And if these structured activities don’t appeal to you, there are also informal ways to advance your skills. You can study on your own since learning doesn’t have to happen in a classroom. Your independent study can be as simple as keeping up to date with early childhood education blogs and communities online, or you may choose to read industry journals, publications and research studies. And if you do choose to go it alone, it helps to find a trusted colleague who can serve as a mentor. Your mentor can be a resource for feedback on issues you encounter at work and someone on whom you can bounce off new ideas. And whether you find a mentor at your child care center or outside of work, building an open line of communication with a seasoned colleague will help you grow.

I know the tremendous role that mentors have played in my ECE career by helping me know I was in the right place. They include Helen Taylor, a former bureau chief in the Office of Head Start, and Ed Green, a great early childhood educator. My heroes also include two former Council CEOs, Drs. Valora Washington and Carol Brunson Day, whom I’ve always looked up to and admired.

Dr. Day was CEO of the Council when I was a young man looking for an entry into the early childhood field. At first, I thought I’d go right into school to get my bachelor’s degree, but my aunt said, “Why don’t you work at Head Start? It will give you the experience to make sure teaching young children is something you really want to do.” I took her advice, and straight away Head Start put me into a CDA program at the local community college. I went on to earn a Ph.D., work in Head Start administration and become a nonprofit leader. Now as Council CEO, my goal is to reimagine the CDA process so we can serve future candidates even better and keep connecting with teachers throughout the credentialing process and their careers.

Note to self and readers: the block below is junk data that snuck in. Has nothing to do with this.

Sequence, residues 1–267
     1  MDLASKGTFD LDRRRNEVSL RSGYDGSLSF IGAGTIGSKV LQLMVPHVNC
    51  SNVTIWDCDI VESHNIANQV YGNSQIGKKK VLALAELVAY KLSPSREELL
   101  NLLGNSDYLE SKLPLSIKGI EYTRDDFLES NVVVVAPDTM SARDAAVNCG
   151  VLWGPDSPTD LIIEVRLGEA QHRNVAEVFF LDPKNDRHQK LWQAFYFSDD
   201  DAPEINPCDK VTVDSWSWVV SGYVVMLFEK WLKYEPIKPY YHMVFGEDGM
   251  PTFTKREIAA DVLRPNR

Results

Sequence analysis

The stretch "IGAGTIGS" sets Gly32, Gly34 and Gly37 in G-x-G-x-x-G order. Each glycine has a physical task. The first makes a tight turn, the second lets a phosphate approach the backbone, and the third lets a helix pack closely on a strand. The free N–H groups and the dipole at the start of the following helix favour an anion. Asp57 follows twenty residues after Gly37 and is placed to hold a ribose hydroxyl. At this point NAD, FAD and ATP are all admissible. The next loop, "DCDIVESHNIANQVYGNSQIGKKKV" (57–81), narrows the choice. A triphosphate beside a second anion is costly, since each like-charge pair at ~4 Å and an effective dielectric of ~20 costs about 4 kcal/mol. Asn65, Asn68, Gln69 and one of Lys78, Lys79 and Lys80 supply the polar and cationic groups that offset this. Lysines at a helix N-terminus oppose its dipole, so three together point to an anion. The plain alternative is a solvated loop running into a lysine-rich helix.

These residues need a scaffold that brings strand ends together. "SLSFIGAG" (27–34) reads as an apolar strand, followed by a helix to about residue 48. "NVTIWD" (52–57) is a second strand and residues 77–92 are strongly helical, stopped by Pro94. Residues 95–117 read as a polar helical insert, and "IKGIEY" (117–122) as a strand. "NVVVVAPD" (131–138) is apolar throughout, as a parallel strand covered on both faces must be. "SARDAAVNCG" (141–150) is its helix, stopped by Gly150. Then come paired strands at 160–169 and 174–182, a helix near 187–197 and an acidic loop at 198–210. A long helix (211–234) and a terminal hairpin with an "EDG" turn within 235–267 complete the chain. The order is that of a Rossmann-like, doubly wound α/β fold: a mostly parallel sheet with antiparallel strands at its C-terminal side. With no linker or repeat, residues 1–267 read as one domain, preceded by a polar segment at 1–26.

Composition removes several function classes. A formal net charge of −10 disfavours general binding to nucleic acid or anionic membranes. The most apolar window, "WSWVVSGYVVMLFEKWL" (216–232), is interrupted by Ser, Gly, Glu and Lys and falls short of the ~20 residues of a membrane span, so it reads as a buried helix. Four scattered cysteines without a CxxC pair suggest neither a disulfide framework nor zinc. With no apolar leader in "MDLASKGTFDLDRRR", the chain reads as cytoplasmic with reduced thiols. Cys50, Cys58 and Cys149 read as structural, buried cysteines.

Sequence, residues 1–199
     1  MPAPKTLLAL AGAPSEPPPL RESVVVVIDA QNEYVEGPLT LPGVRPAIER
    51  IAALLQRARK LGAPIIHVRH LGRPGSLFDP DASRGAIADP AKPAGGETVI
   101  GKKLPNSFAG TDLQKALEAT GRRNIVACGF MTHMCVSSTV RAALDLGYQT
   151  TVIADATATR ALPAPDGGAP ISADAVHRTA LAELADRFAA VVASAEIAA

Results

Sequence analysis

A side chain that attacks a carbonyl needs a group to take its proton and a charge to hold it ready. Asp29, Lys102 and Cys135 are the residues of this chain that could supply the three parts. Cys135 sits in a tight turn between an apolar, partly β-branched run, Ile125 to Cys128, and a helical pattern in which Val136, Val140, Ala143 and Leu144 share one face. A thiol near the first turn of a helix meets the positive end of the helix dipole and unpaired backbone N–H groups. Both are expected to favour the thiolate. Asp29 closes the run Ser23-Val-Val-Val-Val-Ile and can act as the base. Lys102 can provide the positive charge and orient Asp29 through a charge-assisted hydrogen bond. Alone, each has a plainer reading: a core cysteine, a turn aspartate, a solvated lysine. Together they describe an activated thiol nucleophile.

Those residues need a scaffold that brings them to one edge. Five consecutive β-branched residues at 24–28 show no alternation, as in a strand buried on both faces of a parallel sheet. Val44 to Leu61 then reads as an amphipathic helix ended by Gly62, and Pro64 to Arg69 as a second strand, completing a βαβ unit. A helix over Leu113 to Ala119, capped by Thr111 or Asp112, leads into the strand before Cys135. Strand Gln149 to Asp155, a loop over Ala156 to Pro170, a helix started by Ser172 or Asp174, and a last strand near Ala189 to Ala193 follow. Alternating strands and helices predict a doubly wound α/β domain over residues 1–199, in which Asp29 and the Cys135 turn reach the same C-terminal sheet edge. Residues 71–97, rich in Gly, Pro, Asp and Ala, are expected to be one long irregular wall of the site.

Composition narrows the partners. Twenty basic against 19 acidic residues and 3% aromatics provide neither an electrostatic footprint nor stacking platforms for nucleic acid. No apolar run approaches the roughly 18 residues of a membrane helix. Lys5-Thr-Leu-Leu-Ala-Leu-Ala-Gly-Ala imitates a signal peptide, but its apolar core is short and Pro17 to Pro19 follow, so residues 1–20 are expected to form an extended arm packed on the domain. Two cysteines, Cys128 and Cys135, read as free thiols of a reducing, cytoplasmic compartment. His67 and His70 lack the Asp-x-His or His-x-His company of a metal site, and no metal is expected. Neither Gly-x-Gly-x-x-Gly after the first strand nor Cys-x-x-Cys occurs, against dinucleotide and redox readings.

The people who choose ECE as a profession play a key role in building the future. They lay the bedrock for lifelong learning and school success when children are at the most formative stage in their lives. And making a difference in children’s lives requires teachers to develop certain traits—including creativity, a sense of organization, communication skills and dedication—that can help you advance with added training and education. The CDA is a great starting point on the career ladder since it helps teachers pick up some pivotal skills that are vital for many professions. Sure, our CDA holders might not aim to become senators or rock stars, but they do have a strong foundation that will help them rock at whatever they choose to do. The CDA is for now and for the future.